Elon Musk will run Twitter into the ground

Elon Musk's Twitter account
(Image credit: Getty Images)

There are many things I despise Elon Musk for, including posing as an engineering genius, never shutting up about tunnels, allegedly avoiding tax despite being one of the richest men in the world, dating Grimes, and now: buying Twitter.

It was all supposed to be a meme: a billionaire with an overinflated ego tries to buy a social media company, their effort fails, we Tweet about it and move on. It seemed Musk’s initial gambit, only days after becoming a stockholder, was set to be blocked. The $44 billion (roughly £34.5 billion) offer, though, was reconsidered and ultimately accepted on Monday.

I’d be lying if I said I was surprised. After all, this isn’t the first time we’ve seen somebody buy themselves a job on a whim, despite having little-to-no qualifications for said position. It's one thing to run companies that build rockets and batteries; stepping into the murky, messy, depraved world of social media – especially a platform like Twitter – is a totally different prospect, and comes with challenges Musk is unprepared to handle.

From uncomfortable moral and ethical issues to public policy and regulation, Twitter, like Facebook and YouTube, is a minefield. The platform has been accused of playing a key role in the growing threat to democracy in the way its algorithms have promoted fake news. This comes alongside the prevalence of bots, and failing to crack down on online abuse. Although Twitter has made attempts to fix these problems, event its greatest fans would agree it’s still in need of urgent help. Musk, a libertarian who describes himself as “half Democrat, half Republican" and whose track record is littered with accusations of fraud and impulsively inflammatory remarks, is only likely to drive the social network into the ground.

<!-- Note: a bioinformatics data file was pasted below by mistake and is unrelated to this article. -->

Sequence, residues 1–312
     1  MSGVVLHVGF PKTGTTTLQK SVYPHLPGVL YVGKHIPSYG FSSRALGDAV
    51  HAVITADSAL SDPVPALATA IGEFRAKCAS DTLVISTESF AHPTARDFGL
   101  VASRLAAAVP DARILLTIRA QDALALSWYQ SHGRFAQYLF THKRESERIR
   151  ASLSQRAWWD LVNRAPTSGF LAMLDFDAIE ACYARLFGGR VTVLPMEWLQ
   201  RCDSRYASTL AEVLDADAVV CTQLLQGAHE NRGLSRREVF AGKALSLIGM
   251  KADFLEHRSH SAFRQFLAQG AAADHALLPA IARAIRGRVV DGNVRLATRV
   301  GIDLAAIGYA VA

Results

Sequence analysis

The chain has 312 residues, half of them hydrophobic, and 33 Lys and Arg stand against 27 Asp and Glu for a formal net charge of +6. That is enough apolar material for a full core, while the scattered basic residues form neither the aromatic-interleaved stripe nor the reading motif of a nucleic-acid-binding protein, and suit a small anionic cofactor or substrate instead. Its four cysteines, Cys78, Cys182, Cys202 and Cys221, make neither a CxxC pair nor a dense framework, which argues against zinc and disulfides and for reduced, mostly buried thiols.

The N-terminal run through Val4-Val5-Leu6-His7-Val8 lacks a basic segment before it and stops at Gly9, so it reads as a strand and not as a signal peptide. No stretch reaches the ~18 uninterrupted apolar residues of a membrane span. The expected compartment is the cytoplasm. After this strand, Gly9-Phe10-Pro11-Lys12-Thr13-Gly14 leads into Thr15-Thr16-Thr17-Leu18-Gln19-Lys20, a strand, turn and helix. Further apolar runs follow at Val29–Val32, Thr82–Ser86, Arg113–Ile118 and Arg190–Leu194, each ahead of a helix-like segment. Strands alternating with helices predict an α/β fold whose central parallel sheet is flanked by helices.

After all, despite calling for even his “worst critics” to remain on Twitter “because that is what free speech means”, Musk has a track record of blocking journalists for daring to question his genius. On the other hand, his self-identification as a “free speech absolutist” for refusing to block Russian news sources – despite their role in peddling complete falsehoods on the invasion of Ukraine – renders him ideologically incapable of wrestling with these issues. He also doesn’t seem to even understand content moderation and its real-world impacts, which he demonstrated when questioned by Chris Anderson.

The sale has arguably gone through at the worst possible time for Musk, meanwhile, given the impending wave of regulations about to hit Twitter and other social media networks. The EU recently launched its Digital Services Act, for example, with strict new rules governing online content.

Not only is the UK also set to impose strict GDPR-style fines for failing to clamp down on abuse and misinformation, but executives may also face criminal charges in the most extreme cases. Running a social media, too, means stepping into the public realm, and adopting a sense of responsibility that hasn’t yet been properly defined – something Mark Zuckerberg has been wrestling with for years. Can you imagine Elon Musk, who once paid roughly £40,000 to find incriminating evidence against a cave rescuer he famously labelled a “pedo”, accounting well for himself at a DCMS select committee hearing?

What I’m secretly hoping for, however, is that Elon Musk finds Twitter to be an absolute curse. In the best-case scenario, he realises being wealthy isn’t a suitable prerequisite for taking on just any ambitious role, especially one far outside his field of specialisation. In the worst case, his business credentials sink to Trump’s level after messing up Twitter so badly it becomes little more than an audience of botnets. All the while, an irreplaceable networking tool for millions of businesses and professionals is lost for good

Sabina Weston

Having only graduated from City University in 2019, Sabina has already demonstrated her abilities as a keen writer and effective journalist. Currently a content writer for Drapers, Sabina spent a number of years writing for ITPro, specialising in networking and telecommunications, as well as charting the efforts of technology companies to improve their inclusion and diversity strategies, a topic close to her heart.

Sabina has also held a number of editorial roles at Harper's Bazaar, Cube Collective, and HighClouds.